YouTube banned multiple channels for violating the platform’s hate speech rules, including the channels run by Stefan Molyneux, David Duke, and Richard Spencer.
Stefan Molyneux/Instagram; Mark Peterson/Corbis via Getty Images; Evelyn Hockstein/The Washington Post via Getty Images
On Monday, YouTube announced the bans of many popular white supremacists, including David Duke, Richard Spencer, and Stefan Molyneux. “We have strict policies prohibiting hate speech on YouTube, and terminate any channel that repeatedly or egregiously violates those policies,” a YouTube spokesperson said in a statement.YouTube has faced criticism for what the independent research organization Data and Society called its “broadcasting” of “propaganda to young viewers.” The news comes the same day as Twitch suspended President Donald Trump’s channel for violating “hateful conduct” policies and Reddit banned the group r/The_Donald, among others, for hate speech. Visit Business Insider’s homepage for more stories.
YouTube banned Richard Spencer, David Duke, Stefan Molyneux, and other popular white supremacist channels from the platform on Monday, citing their violations of hate speech guidelines.”We have strict policies prohibiting hate speech on YouTube, and terminate any channel that repeatedly or egregiously violates those policies,” a YouTube spokesperson said in a statement provided to Business Insider. Julia Alexander of The Verge first reported the news. Duke is a longtime Ku Klux Klan leader and neo-Nazi, according to the Southern Poverty Law Center; Spencer is the head of the National Policy Institute, a white supremacist lobbying organization and think tank, which was also removed from YouTube on Monday; and Molyneux is a far-right activist who advocates for “eugenics and white supremacism,” according to the SPLC. The platform also banned the channel of the white nationalist group American Renaissance and its podcast channel.Molyneux, who calls himself a philosopher, tweeted that his ban was an “egregious error.” Spencer said he planned to appeal his ban, which he called a “systemic, coordinated effort.”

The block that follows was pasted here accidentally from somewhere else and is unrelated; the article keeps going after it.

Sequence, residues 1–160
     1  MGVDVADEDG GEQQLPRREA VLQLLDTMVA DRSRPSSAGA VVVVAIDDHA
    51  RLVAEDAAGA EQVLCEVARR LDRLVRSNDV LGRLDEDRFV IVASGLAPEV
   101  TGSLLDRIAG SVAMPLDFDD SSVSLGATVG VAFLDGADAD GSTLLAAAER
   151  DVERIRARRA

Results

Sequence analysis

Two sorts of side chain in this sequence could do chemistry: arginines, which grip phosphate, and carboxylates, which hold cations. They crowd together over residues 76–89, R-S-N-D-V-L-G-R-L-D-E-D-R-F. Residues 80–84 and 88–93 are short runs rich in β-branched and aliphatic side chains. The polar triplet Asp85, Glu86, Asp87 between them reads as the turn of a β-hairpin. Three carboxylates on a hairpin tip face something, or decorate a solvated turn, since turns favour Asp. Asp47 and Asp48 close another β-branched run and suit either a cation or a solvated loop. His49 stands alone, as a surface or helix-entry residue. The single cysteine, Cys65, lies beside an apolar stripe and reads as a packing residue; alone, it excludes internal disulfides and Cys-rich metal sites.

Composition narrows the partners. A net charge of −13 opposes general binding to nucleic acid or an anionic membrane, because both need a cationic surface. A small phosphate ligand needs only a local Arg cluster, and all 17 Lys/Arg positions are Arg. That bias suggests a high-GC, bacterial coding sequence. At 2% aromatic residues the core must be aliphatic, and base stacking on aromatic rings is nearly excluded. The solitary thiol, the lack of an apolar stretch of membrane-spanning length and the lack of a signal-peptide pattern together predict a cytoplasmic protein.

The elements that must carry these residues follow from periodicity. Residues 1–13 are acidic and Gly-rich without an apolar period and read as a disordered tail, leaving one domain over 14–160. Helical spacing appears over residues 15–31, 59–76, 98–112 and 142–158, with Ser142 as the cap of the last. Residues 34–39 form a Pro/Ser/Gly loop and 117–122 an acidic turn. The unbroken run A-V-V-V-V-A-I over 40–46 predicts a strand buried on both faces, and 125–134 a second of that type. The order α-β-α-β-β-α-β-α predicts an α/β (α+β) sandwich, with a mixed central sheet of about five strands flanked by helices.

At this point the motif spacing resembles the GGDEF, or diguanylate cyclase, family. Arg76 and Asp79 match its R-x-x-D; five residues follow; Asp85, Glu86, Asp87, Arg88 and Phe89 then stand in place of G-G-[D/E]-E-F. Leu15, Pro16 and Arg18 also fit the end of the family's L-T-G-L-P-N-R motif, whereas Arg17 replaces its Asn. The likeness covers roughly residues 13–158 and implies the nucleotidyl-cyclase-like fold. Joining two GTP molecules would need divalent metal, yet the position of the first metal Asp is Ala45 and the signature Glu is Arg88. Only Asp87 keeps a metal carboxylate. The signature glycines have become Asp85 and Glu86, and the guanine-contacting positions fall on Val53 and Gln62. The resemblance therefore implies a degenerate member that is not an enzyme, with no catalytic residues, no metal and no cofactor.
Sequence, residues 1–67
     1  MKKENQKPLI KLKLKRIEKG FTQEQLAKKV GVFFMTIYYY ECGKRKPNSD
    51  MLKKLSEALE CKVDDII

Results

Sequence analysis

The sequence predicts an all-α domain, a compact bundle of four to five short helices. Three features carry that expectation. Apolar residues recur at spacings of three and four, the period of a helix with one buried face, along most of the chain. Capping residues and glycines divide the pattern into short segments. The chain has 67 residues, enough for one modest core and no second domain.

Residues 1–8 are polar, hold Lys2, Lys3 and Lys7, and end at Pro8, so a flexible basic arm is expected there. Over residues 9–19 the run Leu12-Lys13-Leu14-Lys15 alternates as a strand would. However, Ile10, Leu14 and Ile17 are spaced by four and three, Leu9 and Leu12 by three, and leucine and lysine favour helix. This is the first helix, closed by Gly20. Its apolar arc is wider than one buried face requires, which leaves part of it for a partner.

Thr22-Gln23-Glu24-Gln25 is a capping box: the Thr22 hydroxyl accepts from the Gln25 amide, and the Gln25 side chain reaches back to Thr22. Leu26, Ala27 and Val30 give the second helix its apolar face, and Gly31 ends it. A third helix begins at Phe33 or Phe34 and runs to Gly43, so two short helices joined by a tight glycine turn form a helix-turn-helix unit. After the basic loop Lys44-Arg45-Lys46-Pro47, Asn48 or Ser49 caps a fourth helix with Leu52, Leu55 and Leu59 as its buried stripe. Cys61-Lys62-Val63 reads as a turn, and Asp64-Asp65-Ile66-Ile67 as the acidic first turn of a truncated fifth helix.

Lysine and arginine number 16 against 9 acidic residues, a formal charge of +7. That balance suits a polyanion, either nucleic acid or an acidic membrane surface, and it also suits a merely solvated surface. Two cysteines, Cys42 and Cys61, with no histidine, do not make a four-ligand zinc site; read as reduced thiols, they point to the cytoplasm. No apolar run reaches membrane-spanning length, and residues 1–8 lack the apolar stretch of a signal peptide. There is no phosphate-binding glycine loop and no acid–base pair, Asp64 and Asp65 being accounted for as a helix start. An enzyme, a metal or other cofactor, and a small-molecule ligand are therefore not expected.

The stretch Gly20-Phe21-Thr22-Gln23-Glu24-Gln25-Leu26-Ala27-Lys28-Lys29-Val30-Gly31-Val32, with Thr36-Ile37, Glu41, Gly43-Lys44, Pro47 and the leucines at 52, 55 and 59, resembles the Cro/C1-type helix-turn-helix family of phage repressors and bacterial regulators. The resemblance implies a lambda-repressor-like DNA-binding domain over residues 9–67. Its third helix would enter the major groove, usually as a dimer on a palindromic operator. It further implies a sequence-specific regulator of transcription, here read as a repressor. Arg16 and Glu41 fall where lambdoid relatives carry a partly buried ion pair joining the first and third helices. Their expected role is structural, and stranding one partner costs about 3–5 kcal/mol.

For years, YouTube has faced criticism for allowing the channels of white supremacists to thrive. A September 2018 report from the independent research organization Data and Society called YouTube “the single most important hub by which an extensive network of far-right influencers profit from broadcasting propaganda to young viewers.”In June 2019, YouTube, which is owned by Google, rolled out a hate speech policy overhaul. A YouTube spokesperson said that more than 25,000 channels had been removed for “violating our hate speech policies” in the year since. The news comes the same day that Reddit banned over 2,000 subreddits for hate speech, including r/the_donald, a pro-Trump group that’s long been criticized for racist and offensive language. Former Reddit CEO Ellen Pao criticized the company in June for allowing the subreddit’s “hate, racism, and violence” to continue on the platform.”Reddit is a place for community and belonging, not for attacking people,” the platform’s current CEO Steve Huffman said on Monday, according to The New York Times.
Also on Monday, livestreaming platform Twitch suspended President Trump’s channel for “hateful conduct,” using the president’s language in campaign rally speeches as examples. Read more:Reddit just banned r/The_Donald, the largest pro-Trump subreddit, as it cracks down on hate speech and targetingConspiracy-theory encyclopedia Wikispooks is thriving during the coronavirus pandemic, seeing huge traffic gains from search enginesFar-right civil war accelerationists called the Boogaloo Bois are appearing at protests around the country with guns and Hawaiian shirtsAmazon’s Twitch just suspended Trump’s channel for violating ‘hateful conduct’ policies and cited his campaign speeches as the reason
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